Kudoes to Globe film
critic Ty Burr for his entertaining and illuminating new book, The Best Old Movies for Families.
It fills a yawning gap in film criticism. No, not what films to show your kids
and how to introduce them to the pleasures of cinema, though it accomplishes
that much needed task charmingly. I’m talking about the ugly secret of how
traumatic early movie experience contributes to the formation of a critical sensibility.
Let’s face it, film critics in general (James Agee and
the French New Wave maybe excepted) suffered deprived childhoods. Deprived of
trauma, that it is, and in most cases real-life experience of any kind (Burr
himself admits to seeing nearly 11,000 films in his lifetime. That’s about 800
days that could have spent shopping at Target or catching up on the latest on
Anna Nicole Smith). So? Well, for one thing, that explains the merciful lack of
confessional memoirs by members of our profession.
To compensate, at an early age we get our share of pain
from the movie screen. Burr indirectly suggests this phenomenon in his chapter
titled “The Kong Island Theory, Or Old Movies Not to Watch With Your Children.” He screened the 1933 horror
classic for his two daughters, aged four and six at the time. Trouble started when the characters
arrived at Skull Island and a giant Brachiosaur (which
since my own first viewing I have learned is a placid herbivore, not that it helps now) plucked assorted crew members off of a raft and munched
them like they were offerings on a canape tray. This was when Burr’s younger
daughter called it a day. And this is when the older daughter apparently became
fixated on the horror, almost against her will, as was I many years ago when I
saw the film for the first time on TV on Fantasmic Features.
For me, the worst was yet to come. Burr doesn’t even mention the scene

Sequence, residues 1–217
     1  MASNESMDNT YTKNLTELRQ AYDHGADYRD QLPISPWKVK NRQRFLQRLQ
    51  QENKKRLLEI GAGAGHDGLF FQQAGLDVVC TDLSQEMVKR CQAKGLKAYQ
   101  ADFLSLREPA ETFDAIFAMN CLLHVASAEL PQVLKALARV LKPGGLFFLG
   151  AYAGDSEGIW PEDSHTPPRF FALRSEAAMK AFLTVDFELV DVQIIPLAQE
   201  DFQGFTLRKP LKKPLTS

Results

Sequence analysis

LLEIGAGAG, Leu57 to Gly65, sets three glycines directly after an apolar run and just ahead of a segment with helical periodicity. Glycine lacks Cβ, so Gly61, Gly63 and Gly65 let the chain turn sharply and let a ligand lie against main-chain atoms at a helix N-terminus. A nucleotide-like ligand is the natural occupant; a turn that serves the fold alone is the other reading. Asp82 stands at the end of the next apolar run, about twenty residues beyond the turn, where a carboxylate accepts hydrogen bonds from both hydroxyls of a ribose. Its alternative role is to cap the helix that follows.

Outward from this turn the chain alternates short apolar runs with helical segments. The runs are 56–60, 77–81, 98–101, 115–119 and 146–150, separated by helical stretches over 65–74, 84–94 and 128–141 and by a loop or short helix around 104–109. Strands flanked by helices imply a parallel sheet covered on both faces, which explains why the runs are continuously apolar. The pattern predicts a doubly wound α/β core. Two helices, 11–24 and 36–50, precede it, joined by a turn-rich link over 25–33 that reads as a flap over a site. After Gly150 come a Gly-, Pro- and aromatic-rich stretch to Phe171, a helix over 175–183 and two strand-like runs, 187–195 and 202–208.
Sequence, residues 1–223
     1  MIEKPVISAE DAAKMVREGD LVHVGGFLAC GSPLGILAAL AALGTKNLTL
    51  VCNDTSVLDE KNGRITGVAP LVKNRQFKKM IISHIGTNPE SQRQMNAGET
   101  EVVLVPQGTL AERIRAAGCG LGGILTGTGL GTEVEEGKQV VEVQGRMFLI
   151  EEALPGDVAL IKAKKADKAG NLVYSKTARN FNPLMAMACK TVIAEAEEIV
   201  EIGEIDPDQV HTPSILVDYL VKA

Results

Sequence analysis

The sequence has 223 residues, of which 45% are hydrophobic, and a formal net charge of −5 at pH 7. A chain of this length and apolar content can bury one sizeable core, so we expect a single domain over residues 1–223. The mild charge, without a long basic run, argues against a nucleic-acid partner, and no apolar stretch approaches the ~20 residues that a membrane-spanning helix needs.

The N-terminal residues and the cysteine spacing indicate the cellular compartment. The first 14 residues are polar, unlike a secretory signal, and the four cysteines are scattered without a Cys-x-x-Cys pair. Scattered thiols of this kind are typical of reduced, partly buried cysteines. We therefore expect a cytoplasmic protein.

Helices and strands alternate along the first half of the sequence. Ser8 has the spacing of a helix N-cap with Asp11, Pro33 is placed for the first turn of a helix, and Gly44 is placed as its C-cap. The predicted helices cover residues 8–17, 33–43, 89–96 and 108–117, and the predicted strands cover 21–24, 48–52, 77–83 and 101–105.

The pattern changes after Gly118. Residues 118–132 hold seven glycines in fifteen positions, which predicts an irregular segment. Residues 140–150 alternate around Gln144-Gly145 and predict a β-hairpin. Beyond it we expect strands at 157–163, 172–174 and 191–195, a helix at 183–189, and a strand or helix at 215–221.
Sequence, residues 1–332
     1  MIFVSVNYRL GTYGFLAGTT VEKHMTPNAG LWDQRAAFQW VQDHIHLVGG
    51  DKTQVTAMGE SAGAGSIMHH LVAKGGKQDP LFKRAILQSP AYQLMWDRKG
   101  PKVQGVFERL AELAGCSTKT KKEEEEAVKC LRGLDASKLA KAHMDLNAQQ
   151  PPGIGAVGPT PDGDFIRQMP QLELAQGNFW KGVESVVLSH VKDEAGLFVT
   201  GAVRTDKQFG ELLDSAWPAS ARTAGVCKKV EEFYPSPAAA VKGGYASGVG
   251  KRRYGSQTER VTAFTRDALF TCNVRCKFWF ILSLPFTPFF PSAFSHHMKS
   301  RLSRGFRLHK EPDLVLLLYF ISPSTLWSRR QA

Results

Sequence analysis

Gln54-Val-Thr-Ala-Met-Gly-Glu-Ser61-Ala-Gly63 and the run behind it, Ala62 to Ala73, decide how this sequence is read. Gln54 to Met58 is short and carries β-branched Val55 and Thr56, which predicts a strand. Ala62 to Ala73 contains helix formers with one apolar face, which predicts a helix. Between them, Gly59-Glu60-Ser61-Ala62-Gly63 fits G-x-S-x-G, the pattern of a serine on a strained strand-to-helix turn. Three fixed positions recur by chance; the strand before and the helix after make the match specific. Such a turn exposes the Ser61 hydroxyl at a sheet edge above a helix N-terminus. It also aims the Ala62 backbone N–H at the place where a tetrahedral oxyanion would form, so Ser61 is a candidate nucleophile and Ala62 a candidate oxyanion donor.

in which the guys are trapped on a log crossing an abyss and Kong picks it up and shakes them off, their
pathetic shrieks as they fall to their deaths minutely audible. Or later, in Manhattan, when Kong’s giant and obviously
fake hand thrusts through a window of a hotel and pulls out his beloved, screaming
Fay Ray. Horrible, and yet strangelysexy. Definitely not for kids.
But I knew that movies were a window into something terrible,
remorseless, inexorable and wildly attractive about life even before seeing this.
Forget Bambi, what about that old
Disney mainstay Old Yeller? The truth
about life it teaches [SPOILER WARNING] is that in the end, we all shoot our
beloved dog. (Burr notes that had the movie been made today, the dog would have
lived. I suggest maybe it could be reincarnated as a CGI super hero).
But none of these films compare in terms of nightmarish trauma to
The Wizard of Oz. There was a period in the 60s when they would show this 1939 ur-text on TV
around the holidays as some kind of family celebration. Did the adults
responsible for this programming even see the the movie? No wonder I’m a basket
case. The flying monkeys soaring in
formation like Soviet bombers, the dismembered scarecrow eviscerated on the
ground, its severed head still somehow talking. Then the tornado. “It’s a
twister!” It was more than that, it was every dread of doom descending from the
sky like the hand of God. It scared the hell out of me. To this date I have
nightmares of phallic tornadoes chasing me under my bed.
Speaking of dreams, maybe
the ultimate horror of The Wizard of Oz is
the whole premise. To realize that all one’s experience was merely a dream. To
wake up in black and white telling Ray Bolger, “and you were there...”
In his book Burr blithely recommends the movie without much
comment, saying, “Do I really need to add another 500 words to the million
already written on The Wizard of Oz?”
Probably not. Maybe it’s just me. All I can say is be careful what you show
your kids, or they’ll end up a film critic, too.